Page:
Keeping track of the competition also allows you to get the pulse of the market. Where is the newest trend headed? Are preferences starting to shift? What’s the current talk of the town?
For example, you can adjust your prices the moment your competitors do the same. This way, you’ll stay within market range, and avoid losing your customers to lower prices.
This is also applicable to discontinued products. If you see that there’s a profitable market for a said product, you can quickly grab that opportunity to fill up the space they left.
Predict their movements
The best use of competitive intelligence is to predict your competitors’ next actions. By having enough information in your hands, you can gain a head start and implement necessary measures before they gain momentum with their new offers, new pricing or additional add on’s.
In any industry, businesses caught by surprise are often left behind. This can be a devastating blow if you aren’t able to quickly come up with a countermove to stay in the race.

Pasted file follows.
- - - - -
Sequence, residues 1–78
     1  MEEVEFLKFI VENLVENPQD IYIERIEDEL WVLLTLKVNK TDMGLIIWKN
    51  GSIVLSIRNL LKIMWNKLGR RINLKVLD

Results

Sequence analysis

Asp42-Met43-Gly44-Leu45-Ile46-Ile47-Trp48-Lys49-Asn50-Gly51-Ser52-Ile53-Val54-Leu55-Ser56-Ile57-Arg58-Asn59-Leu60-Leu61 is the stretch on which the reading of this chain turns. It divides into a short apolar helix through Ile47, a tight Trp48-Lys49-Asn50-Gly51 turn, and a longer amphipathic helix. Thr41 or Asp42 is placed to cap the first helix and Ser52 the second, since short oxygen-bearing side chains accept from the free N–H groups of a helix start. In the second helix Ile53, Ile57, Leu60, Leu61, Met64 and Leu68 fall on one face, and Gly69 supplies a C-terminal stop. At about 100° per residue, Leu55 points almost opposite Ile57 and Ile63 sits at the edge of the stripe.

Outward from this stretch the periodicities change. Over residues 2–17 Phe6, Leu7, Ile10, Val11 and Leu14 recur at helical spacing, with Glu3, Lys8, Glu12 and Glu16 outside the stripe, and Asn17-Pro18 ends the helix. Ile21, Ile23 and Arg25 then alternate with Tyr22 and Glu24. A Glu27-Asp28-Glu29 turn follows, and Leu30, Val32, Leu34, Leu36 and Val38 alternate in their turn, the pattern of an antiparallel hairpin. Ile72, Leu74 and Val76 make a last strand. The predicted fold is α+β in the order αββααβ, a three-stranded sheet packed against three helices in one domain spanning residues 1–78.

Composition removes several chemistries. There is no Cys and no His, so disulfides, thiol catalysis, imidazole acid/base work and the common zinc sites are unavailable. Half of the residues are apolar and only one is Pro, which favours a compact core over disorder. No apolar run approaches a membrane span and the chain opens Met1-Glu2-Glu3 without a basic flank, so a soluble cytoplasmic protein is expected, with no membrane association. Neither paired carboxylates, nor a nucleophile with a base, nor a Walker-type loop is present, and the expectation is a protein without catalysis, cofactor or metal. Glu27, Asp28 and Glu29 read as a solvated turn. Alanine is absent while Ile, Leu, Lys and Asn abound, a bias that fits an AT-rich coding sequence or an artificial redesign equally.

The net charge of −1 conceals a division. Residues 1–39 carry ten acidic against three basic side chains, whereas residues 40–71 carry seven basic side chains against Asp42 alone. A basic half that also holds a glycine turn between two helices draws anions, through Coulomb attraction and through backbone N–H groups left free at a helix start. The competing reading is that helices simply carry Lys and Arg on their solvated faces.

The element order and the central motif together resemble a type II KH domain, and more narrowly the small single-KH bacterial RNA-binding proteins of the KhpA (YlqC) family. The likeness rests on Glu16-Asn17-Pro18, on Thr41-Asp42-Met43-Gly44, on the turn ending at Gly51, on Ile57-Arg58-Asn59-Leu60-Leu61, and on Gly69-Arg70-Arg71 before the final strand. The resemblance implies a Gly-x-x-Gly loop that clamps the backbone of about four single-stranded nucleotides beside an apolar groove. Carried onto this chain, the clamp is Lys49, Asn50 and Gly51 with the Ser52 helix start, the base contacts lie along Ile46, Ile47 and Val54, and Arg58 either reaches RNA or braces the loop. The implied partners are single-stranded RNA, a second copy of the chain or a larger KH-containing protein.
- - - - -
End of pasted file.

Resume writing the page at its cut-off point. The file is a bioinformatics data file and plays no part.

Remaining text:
We all think we’re the best or at least one of the best. But complacency has no place in a highly-competitive industry so it would be to your advantage to always keep tabs on your competition.
Management often gets trapped in this mindset by using outdated strategies to answer new challenges. Why not? It worked many times before. You’ve used it for decades and things turned out fine, so why won’t it work now?